Business

Shortage of industrial and logistics sites 'stopping new businesses setting up in Northern Ireland'

Amazon's Titanic Quarter warehouse in Belfast. CBRE NI said a severe shortage of similar logistics and industrial sites is preventing new businesses setting up in Northern Ireland. Picture by Niall Carson.

A SIGNIFICANT shortage in industrial and logistics sites in Northern Ireland is stopping new businesses setting up here, and restricting local firms in scaling up, a top property firm has said.

Brian Lavery, managing director at CBRE Northern Ireland, said delays around the planning process has contributed to a shortage of sites and a failure to satisfy the significant demand at present, with many online-based businesses, logistics companies and manufacturers frustrated in their growth plans.

The shortage could also hamper efforts to attract new inward investors seeking to avail of dual market access to the EU and GB markets arising out of the introduction of the post-Brexit protocol.

“We simply can’t facilitate new entrants to the market,” said Mr Lavery.

“That lag is stopping people actually coming to Northern Ireland, so it’s something we have to address.”

The Irish News has learned that Amazon considered locating its massive new Irish warehouse facility in Northern Ireland, before eventually settling on a site Dublin.

Around 500 jobs are expected to be created at the 630,000 sq ft complex at the Baldonnell Business Park.

Amazon will instead build a smaller 75,000 sq ft logistics hub in Portadown with another hub expected to be set up in the north-west.

Mr Lavery said the shortage is also hampering indigenous firms trying to scale up.

“Even entrants that are already there and trying grow, we can’t facilitate that at the moment, so that’s very, very frustrating.”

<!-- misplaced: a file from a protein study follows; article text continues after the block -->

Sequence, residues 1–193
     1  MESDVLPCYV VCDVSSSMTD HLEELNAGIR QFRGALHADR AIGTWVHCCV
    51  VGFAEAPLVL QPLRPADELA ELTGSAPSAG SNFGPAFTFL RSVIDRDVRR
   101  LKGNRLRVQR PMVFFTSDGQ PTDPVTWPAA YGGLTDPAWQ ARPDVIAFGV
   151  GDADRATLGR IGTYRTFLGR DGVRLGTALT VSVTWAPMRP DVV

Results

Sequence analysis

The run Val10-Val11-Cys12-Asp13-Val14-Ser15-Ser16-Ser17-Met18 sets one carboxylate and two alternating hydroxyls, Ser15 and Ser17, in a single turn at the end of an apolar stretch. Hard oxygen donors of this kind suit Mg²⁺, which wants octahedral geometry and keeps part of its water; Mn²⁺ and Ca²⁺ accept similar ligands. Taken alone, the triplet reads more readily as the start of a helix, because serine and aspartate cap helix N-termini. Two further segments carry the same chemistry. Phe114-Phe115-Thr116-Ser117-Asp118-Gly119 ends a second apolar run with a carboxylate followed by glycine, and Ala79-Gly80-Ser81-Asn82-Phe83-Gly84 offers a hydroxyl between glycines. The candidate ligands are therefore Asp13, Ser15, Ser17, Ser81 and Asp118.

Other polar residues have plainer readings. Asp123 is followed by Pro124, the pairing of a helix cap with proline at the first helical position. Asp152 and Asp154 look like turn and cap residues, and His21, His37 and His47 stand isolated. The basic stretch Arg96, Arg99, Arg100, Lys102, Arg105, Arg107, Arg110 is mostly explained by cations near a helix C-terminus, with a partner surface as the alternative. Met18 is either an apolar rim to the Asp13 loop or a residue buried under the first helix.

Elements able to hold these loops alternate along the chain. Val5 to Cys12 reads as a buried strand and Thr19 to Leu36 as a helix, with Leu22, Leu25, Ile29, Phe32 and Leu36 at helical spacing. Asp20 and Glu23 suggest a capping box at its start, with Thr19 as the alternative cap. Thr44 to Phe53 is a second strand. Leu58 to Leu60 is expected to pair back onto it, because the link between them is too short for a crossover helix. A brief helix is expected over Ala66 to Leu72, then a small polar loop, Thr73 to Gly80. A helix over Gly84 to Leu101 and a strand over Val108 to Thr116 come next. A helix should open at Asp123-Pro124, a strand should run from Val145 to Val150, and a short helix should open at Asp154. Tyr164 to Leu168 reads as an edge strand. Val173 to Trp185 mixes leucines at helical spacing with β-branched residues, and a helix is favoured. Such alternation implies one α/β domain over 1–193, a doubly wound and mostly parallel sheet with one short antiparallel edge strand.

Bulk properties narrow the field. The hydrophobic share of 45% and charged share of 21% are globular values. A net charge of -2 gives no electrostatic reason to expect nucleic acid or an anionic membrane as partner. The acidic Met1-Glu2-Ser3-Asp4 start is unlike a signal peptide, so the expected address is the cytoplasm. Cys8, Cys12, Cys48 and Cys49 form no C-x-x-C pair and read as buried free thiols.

The property expert said some projects are facing 12 to 18 months to get through the planning process, compared to relatively streamlined process in other parts of the UK, where he said industrial schemes can be green-lit within weeks.

Mr Lavery said the establishment of new enterprise zones with implied planning approval and rates incentives could resolve the issue.

He added that investors are keen to plough money into industrial and warehouse type projects in the north.

“There is a huge amount of institutional money looking for that type of investment and we’re missing it because we’re not getting development out of the ground.”

In a statement, the Department for Infrastructure (DfI) said it is currently reviewing the implementation of the Planning Act (NI) 2011 and working with a cross government planning forum to improve processes around statutory consultation.

"The forum’s work has a particular focus on improving processes and timeframes for processing major and economically significant planning applications," said a DFI spokesman.

"In addition, the department, as part of a collaborative project with 10 councils, will be delivering a new planning IT system next year, which will improve the submission and processing of planning applications.

“Councils also have a key role to play and through the local development plans they have the opportunity to zone land for industrial use.”

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